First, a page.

Local Walk to WMBC Ladywalk

It was largely through Harry Lees’ tireless efforts that the CEGB (now EON) was persuaded to establish this reserve in 1970. Not contented to sit on his laurels, he then assumed the job of honorary head warden. At the same time, he took on the job of head of the Hams Hall Environmental Studies Centre. A member of the West Midland Bird Club for many years, Harry was for a time Chairman of the Research Committee. A teacher by profession, it was through his expert tuition at Birmingham University’s extra-mural evening classes that many developed their interest in birds. It was also a measure of his popularity and success that many people enrolled in his classes, year-after-year.

WMBC Annual Report No 50 1983 G R Harrison

Several GEC work colleagues including myself attended his Warwick University evening classes at The Charterhouse, Coventry in the early 1970’s.

Nine local group members, which included two members of the West Midland Bird Club, braved the early morning frost and later basked in wall-to-wall sunshine on this reserve between the giant Hams Hall distribution complex and the River Tame.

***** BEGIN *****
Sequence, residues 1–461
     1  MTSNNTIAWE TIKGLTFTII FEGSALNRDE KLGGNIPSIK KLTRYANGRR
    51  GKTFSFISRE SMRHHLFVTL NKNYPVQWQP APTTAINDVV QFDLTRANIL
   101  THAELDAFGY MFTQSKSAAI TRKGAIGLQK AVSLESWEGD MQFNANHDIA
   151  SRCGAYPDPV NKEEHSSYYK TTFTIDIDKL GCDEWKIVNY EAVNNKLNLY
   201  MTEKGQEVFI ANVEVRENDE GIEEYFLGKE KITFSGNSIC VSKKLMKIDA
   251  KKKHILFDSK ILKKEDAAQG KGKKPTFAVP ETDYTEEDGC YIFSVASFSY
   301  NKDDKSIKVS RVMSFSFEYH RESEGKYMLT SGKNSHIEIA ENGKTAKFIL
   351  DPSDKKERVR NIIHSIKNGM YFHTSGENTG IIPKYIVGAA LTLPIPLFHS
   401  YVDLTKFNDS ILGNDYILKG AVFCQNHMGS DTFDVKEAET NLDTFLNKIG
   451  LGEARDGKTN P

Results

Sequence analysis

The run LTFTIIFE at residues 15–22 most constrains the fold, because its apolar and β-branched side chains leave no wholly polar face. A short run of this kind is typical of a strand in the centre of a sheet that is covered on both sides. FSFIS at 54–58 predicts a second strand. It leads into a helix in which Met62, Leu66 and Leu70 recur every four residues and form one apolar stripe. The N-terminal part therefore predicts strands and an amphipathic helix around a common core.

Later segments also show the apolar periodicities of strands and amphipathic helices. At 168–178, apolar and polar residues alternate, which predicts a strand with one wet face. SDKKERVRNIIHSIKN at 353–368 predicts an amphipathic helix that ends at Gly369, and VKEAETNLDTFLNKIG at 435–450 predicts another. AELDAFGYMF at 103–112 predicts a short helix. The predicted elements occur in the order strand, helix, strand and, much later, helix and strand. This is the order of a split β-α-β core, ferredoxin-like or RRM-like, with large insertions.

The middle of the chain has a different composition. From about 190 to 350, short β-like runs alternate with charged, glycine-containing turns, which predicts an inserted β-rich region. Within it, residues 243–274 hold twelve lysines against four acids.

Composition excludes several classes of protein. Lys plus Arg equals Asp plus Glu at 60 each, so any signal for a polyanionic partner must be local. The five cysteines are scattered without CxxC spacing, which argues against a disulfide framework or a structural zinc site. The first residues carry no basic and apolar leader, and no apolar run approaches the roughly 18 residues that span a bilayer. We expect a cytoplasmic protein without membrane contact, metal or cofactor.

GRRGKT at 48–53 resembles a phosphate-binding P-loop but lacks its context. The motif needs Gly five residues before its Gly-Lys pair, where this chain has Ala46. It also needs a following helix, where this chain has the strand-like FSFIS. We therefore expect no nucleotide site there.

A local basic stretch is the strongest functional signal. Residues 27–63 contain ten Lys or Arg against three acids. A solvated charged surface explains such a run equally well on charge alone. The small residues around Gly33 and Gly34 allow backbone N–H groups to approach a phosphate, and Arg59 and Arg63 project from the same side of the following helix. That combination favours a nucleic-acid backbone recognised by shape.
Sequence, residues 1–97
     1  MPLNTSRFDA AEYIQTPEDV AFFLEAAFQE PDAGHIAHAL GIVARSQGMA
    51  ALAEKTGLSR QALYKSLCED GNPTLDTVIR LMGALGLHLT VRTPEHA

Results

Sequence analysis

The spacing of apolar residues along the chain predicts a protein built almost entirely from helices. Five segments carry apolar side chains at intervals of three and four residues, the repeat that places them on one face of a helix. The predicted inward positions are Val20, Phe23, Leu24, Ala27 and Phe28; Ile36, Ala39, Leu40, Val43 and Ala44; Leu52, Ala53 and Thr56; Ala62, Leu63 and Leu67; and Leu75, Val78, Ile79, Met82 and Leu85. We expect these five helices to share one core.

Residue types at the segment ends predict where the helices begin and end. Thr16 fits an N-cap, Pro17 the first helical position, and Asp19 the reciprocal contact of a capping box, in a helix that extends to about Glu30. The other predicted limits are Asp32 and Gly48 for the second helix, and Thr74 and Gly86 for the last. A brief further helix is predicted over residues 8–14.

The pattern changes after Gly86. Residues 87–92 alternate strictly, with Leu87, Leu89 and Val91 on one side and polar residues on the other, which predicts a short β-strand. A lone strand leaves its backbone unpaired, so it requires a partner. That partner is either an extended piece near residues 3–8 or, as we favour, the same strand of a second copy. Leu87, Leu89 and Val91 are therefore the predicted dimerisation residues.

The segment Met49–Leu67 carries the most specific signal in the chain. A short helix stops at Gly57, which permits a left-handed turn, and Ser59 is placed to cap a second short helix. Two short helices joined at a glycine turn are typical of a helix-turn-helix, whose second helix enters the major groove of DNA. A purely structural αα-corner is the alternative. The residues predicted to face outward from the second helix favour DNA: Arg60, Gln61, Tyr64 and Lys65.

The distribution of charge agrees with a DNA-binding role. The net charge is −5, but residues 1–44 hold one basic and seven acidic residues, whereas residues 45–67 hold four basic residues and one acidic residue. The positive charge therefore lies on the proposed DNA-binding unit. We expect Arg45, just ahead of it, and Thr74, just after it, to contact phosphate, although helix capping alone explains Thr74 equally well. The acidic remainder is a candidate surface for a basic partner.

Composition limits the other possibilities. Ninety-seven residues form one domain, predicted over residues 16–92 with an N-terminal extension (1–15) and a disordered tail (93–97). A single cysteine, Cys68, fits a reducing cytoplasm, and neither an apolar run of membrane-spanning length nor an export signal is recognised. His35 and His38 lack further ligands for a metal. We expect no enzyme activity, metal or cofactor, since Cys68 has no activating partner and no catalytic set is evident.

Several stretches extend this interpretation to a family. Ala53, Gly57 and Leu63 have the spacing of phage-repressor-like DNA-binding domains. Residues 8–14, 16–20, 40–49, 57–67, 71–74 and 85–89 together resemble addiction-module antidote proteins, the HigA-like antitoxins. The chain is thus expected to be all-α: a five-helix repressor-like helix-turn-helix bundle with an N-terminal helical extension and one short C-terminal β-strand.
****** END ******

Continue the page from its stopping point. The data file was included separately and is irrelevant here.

Although the pools were iced up there were plenty of woodland birds on show titmice, great spotted woodpecker, magpie, jay and raven to name a few. The footpaths were firm under-foot and not muddy at all.

The open water of the river provided us with waterfowl and a few waders. Goosander, gadwall, wigeon, teal, mallard, mute swan, greylag and Canada goose. In the unfrozen woodland ditch, we disturbed a kingfisher and a water rail.

As usual most of us retired to the comfort and warmth of the local hostelry, which just happened to be the same one that we dined at on our October visit to Whitacre Heath, just nine minutes away from Ladywalk.

A total of 43 bird species were recorded on the day.